A wife nurses her much older husband, a mujahedeen fighter. He lies paralysed and unconscious from a gunshot wound in the head. Abandoned by her mother-in-law and brothers, she refuses to leave and continues to be a dutiful wife.
Around their shabby home in Kabul bombs keep exploding. She discovers the bloodied bodies of some of her neighbours in the courtyard next door.
Assuming that he cannot hear a word she says so he cannot punish her, she begins to talk to him truthfully about their loveless arranged marriage. Out flows a torrent of sorrow, frustration and anger.
Even on their wedding day he was absent. His photograph and a sword stood proxy for him. The ten years that followed were filled with continual abuse and neglect.
Confused by her continuous need to pour out her woes, and at times to curse him, she turns to her aunt who explains that her husband is like the mythical Patience Stone. As you unburden yourself it will gradually absorb your sorrows and swell up, until finally it bursts. At that moment in time you will be set free.
Her aunt is looking after her two daughters. She invites her to also stay with her but she insists on going back to her husband. Then two soldiers break into the house and threaten to rape her.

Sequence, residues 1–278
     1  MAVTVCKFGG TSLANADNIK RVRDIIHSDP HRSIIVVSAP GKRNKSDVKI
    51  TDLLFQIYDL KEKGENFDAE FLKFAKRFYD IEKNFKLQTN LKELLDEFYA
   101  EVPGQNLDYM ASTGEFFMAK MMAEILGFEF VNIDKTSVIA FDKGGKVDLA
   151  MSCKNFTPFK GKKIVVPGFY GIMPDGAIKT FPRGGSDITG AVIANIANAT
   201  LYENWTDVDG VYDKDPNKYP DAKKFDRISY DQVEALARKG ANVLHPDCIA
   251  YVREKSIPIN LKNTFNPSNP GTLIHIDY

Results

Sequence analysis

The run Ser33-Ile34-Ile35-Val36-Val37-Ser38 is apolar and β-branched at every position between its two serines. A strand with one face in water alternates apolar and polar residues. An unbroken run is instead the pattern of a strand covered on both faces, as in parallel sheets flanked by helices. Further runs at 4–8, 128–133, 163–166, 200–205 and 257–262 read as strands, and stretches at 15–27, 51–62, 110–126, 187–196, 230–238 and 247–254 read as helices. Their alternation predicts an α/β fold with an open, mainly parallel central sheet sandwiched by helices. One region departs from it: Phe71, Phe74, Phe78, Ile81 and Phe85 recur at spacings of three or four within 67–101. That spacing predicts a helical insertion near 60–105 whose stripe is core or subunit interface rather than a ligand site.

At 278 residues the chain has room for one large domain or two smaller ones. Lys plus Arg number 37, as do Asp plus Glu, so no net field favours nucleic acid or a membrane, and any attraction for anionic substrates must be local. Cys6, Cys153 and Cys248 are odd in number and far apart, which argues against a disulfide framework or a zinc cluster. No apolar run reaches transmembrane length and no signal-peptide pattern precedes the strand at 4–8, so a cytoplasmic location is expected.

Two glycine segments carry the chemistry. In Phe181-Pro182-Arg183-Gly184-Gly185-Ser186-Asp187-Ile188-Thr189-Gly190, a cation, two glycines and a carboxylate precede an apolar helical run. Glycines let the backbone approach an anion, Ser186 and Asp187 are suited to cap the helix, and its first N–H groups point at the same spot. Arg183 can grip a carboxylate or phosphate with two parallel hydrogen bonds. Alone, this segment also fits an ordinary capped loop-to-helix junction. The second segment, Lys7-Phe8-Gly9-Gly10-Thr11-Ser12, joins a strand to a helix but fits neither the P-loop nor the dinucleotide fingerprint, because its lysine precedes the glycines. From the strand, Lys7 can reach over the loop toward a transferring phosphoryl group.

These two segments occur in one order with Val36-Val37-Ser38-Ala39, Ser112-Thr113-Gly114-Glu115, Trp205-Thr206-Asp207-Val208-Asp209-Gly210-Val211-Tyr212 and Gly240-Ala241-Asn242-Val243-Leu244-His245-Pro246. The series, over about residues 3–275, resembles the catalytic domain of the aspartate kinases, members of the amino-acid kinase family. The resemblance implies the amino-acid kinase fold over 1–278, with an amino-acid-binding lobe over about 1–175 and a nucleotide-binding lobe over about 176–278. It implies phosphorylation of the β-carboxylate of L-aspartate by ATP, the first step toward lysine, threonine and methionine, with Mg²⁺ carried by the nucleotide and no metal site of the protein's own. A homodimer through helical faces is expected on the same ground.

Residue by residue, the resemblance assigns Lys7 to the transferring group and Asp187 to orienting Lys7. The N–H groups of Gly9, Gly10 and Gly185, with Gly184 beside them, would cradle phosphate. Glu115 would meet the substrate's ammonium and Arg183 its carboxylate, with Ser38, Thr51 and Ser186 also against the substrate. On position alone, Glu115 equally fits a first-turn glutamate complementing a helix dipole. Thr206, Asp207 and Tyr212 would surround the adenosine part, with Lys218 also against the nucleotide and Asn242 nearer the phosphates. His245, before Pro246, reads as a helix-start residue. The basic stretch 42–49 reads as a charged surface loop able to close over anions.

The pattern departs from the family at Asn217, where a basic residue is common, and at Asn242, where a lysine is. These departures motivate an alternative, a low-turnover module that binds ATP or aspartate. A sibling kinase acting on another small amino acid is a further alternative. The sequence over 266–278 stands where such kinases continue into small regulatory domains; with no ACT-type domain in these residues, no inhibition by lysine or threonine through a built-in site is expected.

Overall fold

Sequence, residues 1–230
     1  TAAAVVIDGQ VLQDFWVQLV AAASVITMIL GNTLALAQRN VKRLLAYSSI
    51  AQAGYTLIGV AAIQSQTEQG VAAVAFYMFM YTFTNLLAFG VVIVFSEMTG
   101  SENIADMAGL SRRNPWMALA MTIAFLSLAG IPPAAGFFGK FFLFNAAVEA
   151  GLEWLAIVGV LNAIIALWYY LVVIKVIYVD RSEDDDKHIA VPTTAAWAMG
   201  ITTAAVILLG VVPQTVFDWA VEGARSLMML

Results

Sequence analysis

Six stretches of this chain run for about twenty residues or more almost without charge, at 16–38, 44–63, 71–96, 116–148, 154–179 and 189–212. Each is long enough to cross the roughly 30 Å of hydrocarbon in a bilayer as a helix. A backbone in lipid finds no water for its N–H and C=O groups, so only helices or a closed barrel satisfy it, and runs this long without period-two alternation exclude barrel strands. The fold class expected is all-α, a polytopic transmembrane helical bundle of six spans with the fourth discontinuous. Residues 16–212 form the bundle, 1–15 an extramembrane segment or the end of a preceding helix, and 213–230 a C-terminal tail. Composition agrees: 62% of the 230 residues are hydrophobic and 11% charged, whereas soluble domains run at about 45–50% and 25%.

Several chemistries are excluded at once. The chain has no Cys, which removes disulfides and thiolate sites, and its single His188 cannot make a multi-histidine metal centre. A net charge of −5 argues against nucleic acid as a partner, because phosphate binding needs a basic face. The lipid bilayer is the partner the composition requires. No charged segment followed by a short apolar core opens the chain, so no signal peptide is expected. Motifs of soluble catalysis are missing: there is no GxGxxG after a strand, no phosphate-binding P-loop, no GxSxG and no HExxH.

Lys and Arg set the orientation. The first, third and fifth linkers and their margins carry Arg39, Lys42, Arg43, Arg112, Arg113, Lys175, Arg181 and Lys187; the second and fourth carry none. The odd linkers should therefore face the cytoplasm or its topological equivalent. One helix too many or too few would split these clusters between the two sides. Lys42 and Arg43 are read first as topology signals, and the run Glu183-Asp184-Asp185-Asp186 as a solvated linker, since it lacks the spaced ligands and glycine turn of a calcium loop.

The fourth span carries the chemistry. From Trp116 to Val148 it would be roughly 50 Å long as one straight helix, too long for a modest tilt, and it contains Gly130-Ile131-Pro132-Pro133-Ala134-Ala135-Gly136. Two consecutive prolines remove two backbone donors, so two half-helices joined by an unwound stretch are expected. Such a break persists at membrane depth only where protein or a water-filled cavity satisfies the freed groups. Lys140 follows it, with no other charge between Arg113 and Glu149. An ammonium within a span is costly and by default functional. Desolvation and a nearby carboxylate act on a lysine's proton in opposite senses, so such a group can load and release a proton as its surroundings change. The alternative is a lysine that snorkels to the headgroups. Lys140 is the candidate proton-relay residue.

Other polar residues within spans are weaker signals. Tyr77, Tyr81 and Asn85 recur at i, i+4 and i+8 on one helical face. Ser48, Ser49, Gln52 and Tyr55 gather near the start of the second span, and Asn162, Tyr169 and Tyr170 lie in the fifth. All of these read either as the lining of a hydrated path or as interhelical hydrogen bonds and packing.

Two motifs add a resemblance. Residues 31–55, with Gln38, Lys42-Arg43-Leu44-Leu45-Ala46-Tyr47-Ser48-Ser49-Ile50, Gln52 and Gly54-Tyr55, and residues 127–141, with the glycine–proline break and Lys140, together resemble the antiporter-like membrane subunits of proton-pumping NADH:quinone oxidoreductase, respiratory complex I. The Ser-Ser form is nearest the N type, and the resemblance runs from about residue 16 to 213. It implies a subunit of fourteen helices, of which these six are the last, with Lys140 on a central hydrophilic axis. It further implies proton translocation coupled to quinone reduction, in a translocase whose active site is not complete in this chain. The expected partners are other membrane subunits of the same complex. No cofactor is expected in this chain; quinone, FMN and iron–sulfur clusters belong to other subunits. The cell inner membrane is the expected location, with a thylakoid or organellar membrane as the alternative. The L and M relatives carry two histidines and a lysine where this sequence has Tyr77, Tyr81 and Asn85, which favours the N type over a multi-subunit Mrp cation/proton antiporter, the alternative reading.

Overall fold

The only way she can think of to defend herself is to say she is a prostitute. Surely no man will wish to sully himself by raping such a woman. They do leave her alone but the younger one, stuttering and shy, comes back on his own later. He is willing to pay for sex. An unusual relationship develops between them.
This film was based on a novel by the same name written by Atiq Rahimi. He was raised in Afghanistan but has spent the last twenty years living in Paris. He also directed the movie.
The wife is played by Golshifteh Faranhi, a beautiful young Iranian actress with an expressive and sorrowful face. Her stunning performance held our full attention throughout a protracted monologue.
My partner John found it to be a sombre but thought provoking movie which showed both how awful war is and how bleak the lives of women in countries like Afghanistan are.
"This movie could easily be adapted to a stage play as almost all the action takes place in one room," he commented.
The atrocities of war shown in The Patience Stone not only saddened me but also made me feel grateful. While wars overseas continue to ravage the lives of millions of people we and our children have enjoyed peace.
As far as women's rights go we've also come a long way. Our granddaughters take it for granted that girls can do everything. For them equality is simply the way it is.
This movie is the very opposite of a feel good movie but it is beautifully crafted and contains a powerful message.